QUOTE said:Given the success that the Wii has generally had for the past four years, it shows a healthy level of demand for motion controls and games that work well for them. Indeed, it is now difficult to imagine games based upon tennis, golf or bowling done any other way but with motion control. These easy pick-up-and-play games could be made even more accessible without anything to hold at all, and if all one had to do was wave his or her arms and shuffle feet. Besides that, the idea of not having a controller at all will no doubt seem intriguing to some...
People love when something is shiny and new, particularly when it comes to technology. Apple has managed to capitalize on this quite well, releasing devices like the iPod, iPhone and iPad that scratch a certain consumer itch. The Wii managed to do this too – though motion controls of its sort weren't strictly new, never had a console been based around them so thoroughly and this greatly intrigued consumers.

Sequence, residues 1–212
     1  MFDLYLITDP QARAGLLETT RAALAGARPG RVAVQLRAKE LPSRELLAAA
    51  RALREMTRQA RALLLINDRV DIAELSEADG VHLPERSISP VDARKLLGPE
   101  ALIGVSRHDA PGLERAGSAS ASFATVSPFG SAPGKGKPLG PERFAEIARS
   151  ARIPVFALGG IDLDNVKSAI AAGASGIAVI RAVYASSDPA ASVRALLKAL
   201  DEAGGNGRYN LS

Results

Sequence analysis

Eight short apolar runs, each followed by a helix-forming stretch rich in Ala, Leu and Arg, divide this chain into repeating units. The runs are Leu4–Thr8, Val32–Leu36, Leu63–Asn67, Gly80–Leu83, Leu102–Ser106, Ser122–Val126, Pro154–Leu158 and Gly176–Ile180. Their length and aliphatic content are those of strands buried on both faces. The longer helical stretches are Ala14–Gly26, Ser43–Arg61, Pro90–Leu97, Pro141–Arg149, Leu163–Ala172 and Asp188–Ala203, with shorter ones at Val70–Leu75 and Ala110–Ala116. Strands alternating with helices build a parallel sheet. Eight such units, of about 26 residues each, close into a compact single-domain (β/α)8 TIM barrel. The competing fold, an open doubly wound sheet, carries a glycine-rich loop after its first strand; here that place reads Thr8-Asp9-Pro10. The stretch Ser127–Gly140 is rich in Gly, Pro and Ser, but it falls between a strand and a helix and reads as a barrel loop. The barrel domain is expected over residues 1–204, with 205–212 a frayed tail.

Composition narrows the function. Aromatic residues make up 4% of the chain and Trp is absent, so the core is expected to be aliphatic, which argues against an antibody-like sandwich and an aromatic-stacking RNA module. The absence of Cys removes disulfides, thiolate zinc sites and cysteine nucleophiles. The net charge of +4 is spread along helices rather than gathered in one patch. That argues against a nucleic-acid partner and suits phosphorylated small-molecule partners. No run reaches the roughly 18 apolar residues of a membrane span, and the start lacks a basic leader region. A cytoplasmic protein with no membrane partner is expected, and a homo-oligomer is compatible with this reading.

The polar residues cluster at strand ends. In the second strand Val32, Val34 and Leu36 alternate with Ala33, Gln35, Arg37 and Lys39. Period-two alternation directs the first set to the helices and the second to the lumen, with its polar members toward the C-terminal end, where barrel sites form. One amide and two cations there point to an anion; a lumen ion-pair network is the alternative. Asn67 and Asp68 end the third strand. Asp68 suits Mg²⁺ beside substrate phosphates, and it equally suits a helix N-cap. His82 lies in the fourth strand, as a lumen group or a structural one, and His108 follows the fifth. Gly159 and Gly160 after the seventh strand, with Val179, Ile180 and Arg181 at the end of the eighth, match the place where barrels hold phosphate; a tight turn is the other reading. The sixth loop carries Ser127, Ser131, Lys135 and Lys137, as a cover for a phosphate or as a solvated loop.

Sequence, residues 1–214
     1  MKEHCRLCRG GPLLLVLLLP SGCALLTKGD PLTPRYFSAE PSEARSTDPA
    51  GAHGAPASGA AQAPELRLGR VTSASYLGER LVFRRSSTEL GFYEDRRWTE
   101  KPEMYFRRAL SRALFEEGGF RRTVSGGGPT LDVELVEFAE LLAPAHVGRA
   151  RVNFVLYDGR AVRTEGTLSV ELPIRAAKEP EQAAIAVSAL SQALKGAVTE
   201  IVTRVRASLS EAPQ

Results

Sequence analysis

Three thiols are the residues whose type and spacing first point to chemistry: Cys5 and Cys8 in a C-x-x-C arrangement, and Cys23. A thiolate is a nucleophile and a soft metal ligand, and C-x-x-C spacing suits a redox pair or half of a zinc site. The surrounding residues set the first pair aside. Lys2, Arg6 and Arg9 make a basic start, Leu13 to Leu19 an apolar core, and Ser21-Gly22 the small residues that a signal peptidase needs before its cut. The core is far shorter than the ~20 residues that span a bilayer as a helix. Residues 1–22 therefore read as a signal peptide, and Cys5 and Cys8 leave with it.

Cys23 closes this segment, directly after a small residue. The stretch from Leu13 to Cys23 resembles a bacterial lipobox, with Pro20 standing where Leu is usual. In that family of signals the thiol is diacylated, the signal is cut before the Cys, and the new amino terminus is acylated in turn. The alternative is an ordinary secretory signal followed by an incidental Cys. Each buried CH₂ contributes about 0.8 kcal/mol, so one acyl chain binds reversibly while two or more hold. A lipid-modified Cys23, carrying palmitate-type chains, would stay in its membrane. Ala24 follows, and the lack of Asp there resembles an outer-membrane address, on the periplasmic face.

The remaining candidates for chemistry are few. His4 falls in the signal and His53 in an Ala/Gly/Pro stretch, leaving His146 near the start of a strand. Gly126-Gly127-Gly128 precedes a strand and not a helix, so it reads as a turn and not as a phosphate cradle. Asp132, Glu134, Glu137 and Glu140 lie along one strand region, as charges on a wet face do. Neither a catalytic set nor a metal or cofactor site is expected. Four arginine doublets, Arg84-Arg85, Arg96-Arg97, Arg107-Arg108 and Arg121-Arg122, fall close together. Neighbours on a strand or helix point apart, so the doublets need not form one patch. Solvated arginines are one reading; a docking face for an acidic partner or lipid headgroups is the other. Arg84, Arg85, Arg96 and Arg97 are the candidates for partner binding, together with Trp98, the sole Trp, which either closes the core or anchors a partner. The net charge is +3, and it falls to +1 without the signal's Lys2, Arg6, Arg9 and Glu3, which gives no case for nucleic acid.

Microsoft has never shied away from spending money on initiatives that it thinks has potential and Kinect is no different. It's been reported that Microsoft will spend roughly $500 million promoting Kinect this holiday season, or roughly the same amount they used to promote the original Xbox when it launched. They're hoping to give consumers numerous touch-points with the device and drive brand awareness way up.
Microsoft has stated that they're shooting to make the Kinect the biggest launch in the history of the Xbox platform. That's quite a claim, but there's reason to believe that they might make that mark. The motion sensing camera has already sold out at GAME stores in the U.K. and they claim that in the U.S. pre-orders are "selling out at retailers nationwide—a sign of strong consumer demand before launch on November 4."
Source: Industry Gamers
The future of Kinect: